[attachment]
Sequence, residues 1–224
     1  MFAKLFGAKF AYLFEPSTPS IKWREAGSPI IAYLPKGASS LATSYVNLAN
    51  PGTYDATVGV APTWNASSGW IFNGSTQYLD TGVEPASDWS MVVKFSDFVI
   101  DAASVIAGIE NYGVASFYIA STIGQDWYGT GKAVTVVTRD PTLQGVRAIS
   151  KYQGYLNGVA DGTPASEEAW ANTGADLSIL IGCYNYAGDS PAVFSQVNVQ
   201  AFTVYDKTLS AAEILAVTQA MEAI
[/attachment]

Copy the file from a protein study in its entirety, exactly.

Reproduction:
Sequence, residues 1–224
     1  MFAKLFGAKF AYLFEPSTPS IKWREAGSPI IAYLPKGASS LATSYVNLAN
    51  PGTYDATVGV APTWNASSGW IFNGSTQYLD TGVEPASDWS MVVKFSDFVI
   101  DAASVIAGIE NYGVASFYIA STIGQDWYGT GKAVTVVTRD PTLQGVRAIS
   151  KYQGYLNGVA DGTPASEEAW ANTGADLSIL IGCYNYAGDS PAVFSQVNVQ
   201  AFTVYDKTLS AAEILAVTQA MEAI